Should it be based on where the ship’s fuel is sold, where a ship is registered, or the origins or destinations of the ship’s cargo? Each option would lead to radically different emissions responsibilities and associated costs for individual countries.
The International Maritime Organization (IMO) is the UN body that addresses emissions from ships engaged in international trade. It’s currently coordinating measures to curb maritime emissions among its more than 170 member states. And each state has competing interests.
In April 2018, the IMO set a goal of halving greenhouse gas emissions by 2050 from 2008 levels. This has been met with fierce criticism from environmental organisations, who call it weak and unambitious.
This target falls well short of the net-zero by 2050 target declared by nations last week at COP26. The declaration was led by Denmark and includes the US. Notably, it was not signed by countries with big maritime shipping sectors, such as Japan and Greece.
The IMO has agreed, after collecting more data, to revisit their target in 2023. Given growing public interest in climate change and large companies demanding zero emissions in shipping their goods, I believe it’s likely the IMO will bolster its target, and start working towards net-zero emissions by 2050.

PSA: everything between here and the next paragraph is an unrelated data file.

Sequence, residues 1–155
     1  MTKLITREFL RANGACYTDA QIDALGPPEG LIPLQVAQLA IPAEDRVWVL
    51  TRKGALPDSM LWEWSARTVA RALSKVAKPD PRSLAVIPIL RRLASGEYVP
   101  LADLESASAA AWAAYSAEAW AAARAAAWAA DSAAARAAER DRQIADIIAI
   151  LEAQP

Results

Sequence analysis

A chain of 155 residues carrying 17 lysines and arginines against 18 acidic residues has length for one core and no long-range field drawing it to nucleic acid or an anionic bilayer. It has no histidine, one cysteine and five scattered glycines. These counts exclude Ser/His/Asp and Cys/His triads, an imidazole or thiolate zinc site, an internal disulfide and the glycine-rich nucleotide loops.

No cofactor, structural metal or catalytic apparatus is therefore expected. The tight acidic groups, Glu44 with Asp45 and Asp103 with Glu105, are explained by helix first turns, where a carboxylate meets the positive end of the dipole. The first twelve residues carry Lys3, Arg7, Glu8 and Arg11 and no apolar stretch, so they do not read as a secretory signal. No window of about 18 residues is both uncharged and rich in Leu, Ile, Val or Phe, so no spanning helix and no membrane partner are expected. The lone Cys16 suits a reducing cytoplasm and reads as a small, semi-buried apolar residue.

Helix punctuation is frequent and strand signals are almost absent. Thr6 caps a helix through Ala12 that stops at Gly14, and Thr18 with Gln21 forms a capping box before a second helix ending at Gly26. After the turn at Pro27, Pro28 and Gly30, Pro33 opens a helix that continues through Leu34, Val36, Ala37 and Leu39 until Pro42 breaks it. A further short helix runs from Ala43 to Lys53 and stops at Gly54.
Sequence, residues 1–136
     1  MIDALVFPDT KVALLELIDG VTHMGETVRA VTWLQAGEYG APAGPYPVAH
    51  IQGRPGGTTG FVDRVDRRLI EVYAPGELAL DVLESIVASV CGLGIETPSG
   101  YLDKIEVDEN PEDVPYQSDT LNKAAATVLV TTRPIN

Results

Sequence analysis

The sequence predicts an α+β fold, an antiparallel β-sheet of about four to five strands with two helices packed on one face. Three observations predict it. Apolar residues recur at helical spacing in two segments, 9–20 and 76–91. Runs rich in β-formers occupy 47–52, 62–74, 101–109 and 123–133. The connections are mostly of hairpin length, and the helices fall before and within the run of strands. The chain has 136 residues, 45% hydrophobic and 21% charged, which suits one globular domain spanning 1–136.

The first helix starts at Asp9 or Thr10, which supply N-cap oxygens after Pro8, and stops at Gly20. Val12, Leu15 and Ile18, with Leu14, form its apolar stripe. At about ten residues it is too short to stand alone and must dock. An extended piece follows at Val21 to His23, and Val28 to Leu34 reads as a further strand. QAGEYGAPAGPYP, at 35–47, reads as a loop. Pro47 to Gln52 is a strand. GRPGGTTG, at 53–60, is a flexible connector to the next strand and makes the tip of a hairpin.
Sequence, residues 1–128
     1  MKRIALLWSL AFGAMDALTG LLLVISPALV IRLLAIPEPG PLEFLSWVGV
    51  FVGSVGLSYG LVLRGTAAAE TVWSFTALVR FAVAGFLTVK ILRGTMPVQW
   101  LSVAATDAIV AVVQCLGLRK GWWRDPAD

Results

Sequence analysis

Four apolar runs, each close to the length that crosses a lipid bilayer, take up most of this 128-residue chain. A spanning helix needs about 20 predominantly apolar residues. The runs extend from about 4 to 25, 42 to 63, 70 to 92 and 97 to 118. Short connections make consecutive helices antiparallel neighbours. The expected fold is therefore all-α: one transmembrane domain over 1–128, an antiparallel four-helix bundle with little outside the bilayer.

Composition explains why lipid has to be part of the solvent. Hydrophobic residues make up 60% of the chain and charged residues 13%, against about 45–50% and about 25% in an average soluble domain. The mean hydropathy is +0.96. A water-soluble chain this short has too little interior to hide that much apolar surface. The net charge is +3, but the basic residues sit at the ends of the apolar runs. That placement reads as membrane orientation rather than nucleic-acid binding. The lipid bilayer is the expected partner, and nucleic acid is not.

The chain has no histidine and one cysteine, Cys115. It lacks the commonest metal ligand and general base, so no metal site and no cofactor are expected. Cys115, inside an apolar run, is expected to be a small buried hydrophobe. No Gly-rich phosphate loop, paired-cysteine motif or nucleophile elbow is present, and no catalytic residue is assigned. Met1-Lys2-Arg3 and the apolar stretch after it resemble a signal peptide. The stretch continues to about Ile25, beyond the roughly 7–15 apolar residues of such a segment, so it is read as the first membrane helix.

So what needs to happen now?
At Saturday’s conference, it became clear most shipowners present were in favour using the market to solve the emissions problem, and suggested using a carbon price.
This echoes the calls of trade groups, representing more than 90% of the world’s merchant fleet. They have asked the IMO to prioritise a carbon tax for the industry to encourage shipowners to invest in alternative fuel technologies.
On the other hand, the representative for Japanese shipowners was in favour of letting politicians come up with the rules, saying the shipping industry would comply with them.
And shipowners that recently invested in ships fuelled by LNG were, understandably, advocating its use, saying no zero-carbon alternative fuels are currently available, and are still a long way off.
But before we can make any real headway to decarbonise shipping, we must have global unity. It is imperative more member states get on board with the net zero by 2050 declaration.
The IMO needs to set international standards around who’s responsible for emissions. Countries with large shipping fleets such as Japan and Greece need to come on board to expedite the process. IMO resolutions take years to develop and even longer to be ratified by its member countries.
A well-funded research and development program, which the industry has agreed to pay for within a global regulatory framework, needs to commence immediately under the supervision of the IMO.
The heightened interest we’re seeing across the supply chains and at COP26 is an important opportunity for the shipping industry to be on the front foot, and reduce their emissions sooner rather than later.
This story is part of The Conversation’s coverage of COP26, the Glasgow climate conference, by experts from around the world.
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Peter van Duyn does not work for, consult, own shares in or receive funding from any company or organisation that would benefit from this article, and has disclosed no relevant affiliations beyond their academic appointment.